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Holiday Safety: Don't be a Victim

By Jon Cawley

With the holidays and the end of the fall semester here, it is important to recognize the importance of not only securing personal belongings but self as well while preparing to leave for the break. And with the shopping season in full swing, it is also important to remember to look out for scams designed to steal money and personal information, especially while shopping online.

In preparation for hitting the road, Student Engagement and Enrollment Services offers these tips:

  • While packing your car, be sure to lock it each time you leave it. Even if you are only running back into your apartment to grab another bag, lock your car. It only takes a moment for someone to take belongings out of an unlocked car.
  • Put valuables in a safe place and out of sight in your apartment. Do not leave electronics or other valuables near windows or in plain view.
  • Confirm all windows and doors are locked before heading out for the break. Also, close curtains and blinds, especially if you are in a first-floor unit.
  • Ask a friend or neighbor who will be staying in the area to check on your apartment over break.
  • Be sure to leave a phone number where you can be reached in an emergency. If you are staying in the area and would like the ODU Police to provide extra patrols of your off-campus residence, contact the community policing unit at the main desk (757-683-4000).

The FBI warns that criminals don't take the holidays off and are busy with their own holiday preparations.

The federal agency advises that consumers should be wary that scammers may offer too-good-to-be-true deals through phishing e-mails or advertisements. Some may offer brand name merchandise at extremely low discounts or promise gift cards as an incentive to purchase a product. Others may offer products at a great price, but the products being sold are not the same as the products advertised, according to a release.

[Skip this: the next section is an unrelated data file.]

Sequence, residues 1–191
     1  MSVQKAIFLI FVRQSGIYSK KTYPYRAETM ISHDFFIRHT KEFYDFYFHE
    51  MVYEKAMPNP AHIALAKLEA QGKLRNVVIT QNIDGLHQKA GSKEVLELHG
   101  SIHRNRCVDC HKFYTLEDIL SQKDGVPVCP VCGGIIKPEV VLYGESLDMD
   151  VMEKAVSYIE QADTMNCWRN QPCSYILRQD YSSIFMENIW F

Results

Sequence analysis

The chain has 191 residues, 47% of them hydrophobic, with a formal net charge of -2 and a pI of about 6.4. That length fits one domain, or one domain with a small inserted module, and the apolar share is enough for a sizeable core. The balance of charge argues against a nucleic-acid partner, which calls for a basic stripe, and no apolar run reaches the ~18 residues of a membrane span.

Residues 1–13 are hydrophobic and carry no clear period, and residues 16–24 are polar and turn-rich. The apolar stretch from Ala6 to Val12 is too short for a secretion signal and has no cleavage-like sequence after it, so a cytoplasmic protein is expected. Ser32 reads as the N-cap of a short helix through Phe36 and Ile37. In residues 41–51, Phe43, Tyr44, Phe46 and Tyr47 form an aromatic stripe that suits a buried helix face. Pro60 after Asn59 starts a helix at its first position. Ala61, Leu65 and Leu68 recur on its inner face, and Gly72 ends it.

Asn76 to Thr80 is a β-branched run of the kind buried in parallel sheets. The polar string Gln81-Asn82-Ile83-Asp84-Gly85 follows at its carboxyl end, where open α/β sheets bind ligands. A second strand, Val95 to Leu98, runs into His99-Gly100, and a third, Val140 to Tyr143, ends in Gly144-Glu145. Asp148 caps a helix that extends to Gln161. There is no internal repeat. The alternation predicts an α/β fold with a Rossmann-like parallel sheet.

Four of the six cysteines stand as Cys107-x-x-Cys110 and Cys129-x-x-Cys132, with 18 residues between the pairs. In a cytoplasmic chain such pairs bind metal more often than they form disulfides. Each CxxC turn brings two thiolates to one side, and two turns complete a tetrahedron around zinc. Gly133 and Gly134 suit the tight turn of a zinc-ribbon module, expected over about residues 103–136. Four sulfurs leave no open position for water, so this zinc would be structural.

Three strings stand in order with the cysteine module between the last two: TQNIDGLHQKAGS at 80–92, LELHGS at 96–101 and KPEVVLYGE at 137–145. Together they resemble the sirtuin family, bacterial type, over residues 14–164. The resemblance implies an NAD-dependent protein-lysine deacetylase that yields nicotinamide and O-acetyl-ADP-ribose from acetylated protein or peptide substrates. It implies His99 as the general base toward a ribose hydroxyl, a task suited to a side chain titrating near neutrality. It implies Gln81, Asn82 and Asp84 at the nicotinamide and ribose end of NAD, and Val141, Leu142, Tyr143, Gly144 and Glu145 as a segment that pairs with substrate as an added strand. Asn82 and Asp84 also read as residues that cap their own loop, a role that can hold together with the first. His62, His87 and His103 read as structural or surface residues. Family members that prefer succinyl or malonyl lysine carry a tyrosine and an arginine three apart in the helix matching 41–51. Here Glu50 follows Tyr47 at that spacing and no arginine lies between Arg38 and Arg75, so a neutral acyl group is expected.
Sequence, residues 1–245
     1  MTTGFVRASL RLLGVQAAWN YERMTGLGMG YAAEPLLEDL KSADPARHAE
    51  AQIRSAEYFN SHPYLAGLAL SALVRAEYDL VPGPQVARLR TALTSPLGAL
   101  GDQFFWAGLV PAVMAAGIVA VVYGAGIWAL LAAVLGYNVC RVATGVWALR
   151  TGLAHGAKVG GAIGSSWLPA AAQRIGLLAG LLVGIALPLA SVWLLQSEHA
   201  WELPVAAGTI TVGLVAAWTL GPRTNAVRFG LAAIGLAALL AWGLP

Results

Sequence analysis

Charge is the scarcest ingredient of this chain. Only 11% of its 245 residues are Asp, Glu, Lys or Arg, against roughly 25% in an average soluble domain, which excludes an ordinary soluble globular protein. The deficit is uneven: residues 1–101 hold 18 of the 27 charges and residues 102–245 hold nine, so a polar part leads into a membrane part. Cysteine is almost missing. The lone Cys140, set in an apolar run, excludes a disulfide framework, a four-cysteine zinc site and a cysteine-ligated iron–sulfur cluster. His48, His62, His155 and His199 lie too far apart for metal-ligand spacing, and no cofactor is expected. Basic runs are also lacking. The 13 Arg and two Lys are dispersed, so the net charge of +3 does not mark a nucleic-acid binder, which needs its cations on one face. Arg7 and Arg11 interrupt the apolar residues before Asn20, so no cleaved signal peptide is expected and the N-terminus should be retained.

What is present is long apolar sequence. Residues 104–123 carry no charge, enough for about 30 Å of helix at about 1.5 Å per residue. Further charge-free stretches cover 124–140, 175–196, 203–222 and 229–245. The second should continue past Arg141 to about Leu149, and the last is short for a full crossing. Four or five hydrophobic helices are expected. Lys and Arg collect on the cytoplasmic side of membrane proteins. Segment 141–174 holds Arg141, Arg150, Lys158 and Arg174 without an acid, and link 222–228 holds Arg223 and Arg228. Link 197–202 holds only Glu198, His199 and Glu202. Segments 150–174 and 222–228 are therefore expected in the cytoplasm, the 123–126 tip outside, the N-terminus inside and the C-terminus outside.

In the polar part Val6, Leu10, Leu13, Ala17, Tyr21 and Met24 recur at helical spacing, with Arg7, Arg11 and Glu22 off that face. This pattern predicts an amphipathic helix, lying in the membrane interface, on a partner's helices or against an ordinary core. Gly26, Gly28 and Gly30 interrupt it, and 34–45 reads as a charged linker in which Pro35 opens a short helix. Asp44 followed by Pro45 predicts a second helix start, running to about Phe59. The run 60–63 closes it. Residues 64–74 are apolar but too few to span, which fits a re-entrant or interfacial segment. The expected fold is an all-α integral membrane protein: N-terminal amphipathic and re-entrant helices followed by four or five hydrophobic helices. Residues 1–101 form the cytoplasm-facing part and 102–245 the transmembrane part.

Additionally, the FBI warns:

  • Do not open any unsolicited e-mails and do not click on any links attached. Steer clear of suspicious sites, phishing e-mails, or ads offering items at unrealistic discounts.
  • When shopping online, make sure a site is secure and reputable before providing credit card information.
  • Beware of social media posts that appear to offer special vouchers or gift cards. Some may pose as holiday promotions or contests. It may even appear that a friend shared the link. Often, these scams lead you to participate in an online survey that is actually designed to steal personal information.
  • Secure banking and credit accounts with strong and different passwords, as well as all other accounts that contain anything of value.
  • Check credit card and bank statements regularly to make sure no fraudulent charges have been made.

If you suspect you've been victimized:

  • Contact your financial institution immediately upon suspecting or discovering a fraudulent transfer.
  • Request that your bank reach out to the financial institution where the fraudulent transfer was sent.
  • Contact local law enforcement.
  • File a complaint with the FBI's Internet Crime Complaint Center at www.ic3.gov, regardless of dollar loss.

For more information on contributing to a safe and secure campus community, visit ODU's Living Safely website where the LiveSafe app can be downloaded and arrangements can be made to receive window/door locks and alarms for off-campus residences - all free from the University.